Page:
These three images are of the central region of the spiral galaxy M100, taken with three generations of cameras that were sequentially swapped out aboard the Hubble Space Telescope, and document the consistently improving capability of the observatory. The image on the left was taken with the Wide Field and Planetary Camera 1 in 1993. The photo is blurry due to a flaw (called spherical aberration) in Hubble's primary mirror. Celestial images could not be brought into a single focus. The middle image was taken in late 1993 with Wide Field and Planetary Camera 2 that was installed during the December 2 - 13 space shuttle servicing mission (SM1, STS-61). The camera contained corrective optics to compensate for the mirror flaw, and so the galaxy snapped into sharp focus when photographed. The image on the right was taken with a newer instrument, Wide Field Camera 3, that was installed on Hubble during the space shuttle servicing mission 4 (SM4) in May, 2009.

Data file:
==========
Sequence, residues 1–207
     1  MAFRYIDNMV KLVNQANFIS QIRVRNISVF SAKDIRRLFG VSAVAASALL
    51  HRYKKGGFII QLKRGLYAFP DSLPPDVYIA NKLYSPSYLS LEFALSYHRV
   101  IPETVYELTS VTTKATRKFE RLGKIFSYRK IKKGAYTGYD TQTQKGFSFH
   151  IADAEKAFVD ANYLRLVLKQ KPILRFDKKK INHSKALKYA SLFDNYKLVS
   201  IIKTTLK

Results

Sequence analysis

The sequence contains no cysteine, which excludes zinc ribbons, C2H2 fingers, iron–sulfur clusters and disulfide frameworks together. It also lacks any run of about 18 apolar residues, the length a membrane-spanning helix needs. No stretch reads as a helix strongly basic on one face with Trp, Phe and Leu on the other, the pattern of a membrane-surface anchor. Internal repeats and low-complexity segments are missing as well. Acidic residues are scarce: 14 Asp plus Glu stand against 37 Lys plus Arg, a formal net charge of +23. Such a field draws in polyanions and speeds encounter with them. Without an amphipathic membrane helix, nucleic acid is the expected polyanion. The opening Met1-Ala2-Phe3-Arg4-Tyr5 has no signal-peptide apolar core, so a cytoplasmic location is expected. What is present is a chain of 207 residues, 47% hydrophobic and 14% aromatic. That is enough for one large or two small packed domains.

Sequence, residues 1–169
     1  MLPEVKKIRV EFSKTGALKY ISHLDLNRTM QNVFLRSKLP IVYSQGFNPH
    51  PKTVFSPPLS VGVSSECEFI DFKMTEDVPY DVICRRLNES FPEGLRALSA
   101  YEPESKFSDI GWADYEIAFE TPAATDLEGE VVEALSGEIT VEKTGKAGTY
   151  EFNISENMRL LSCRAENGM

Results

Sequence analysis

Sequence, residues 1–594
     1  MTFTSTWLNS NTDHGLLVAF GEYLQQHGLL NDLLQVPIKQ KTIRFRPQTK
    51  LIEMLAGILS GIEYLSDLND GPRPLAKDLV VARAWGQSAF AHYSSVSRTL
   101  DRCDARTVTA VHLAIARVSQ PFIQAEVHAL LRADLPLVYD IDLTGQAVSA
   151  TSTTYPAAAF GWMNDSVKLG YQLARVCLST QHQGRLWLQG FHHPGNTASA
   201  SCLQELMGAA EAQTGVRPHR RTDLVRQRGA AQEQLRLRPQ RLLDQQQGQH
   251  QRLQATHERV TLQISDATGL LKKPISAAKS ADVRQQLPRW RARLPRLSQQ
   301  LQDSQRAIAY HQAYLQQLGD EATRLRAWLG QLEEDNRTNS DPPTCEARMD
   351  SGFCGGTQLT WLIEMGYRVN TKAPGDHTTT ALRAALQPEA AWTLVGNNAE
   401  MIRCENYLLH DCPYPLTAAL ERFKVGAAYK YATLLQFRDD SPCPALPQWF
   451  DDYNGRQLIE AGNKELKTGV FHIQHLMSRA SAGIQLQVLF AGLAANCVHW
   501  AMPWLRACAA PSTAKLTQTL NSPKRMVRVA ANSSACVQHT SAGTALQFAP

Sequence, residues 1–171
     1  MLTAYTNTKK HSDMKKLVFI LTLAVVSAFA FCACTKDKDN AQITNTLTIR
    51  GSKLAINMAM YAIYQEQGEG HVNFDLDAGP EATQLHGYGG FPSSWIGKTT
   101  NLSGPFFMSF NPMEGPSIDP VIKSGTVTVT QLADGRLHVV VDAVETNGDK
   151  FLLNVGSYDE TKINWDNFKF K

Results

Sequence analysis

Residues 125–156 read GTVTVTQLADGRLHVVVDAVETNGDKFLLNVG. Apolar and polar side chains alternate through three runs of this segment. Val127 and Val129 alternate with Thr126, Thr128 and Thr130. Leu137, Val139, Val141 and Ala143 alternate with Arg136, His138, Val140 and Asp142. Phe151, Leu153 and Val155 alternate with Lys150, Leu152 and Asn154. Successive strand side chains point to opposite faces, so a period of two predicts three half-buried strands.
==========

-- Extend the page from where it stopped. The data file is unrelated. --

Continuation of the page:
The Hubble Space Telescope is a project of international cooperation between NASA and the European Space Agency. NASA's Goddard Space Flight Center in Greenbelt, Maryland, manages the telescope. The Space Telescope Science Institute (STScI) in Baltimore conducts Hubble science operations. STScI is operated for NASA by the Association of Universities for Research in Astronomy, Inc., in Washington.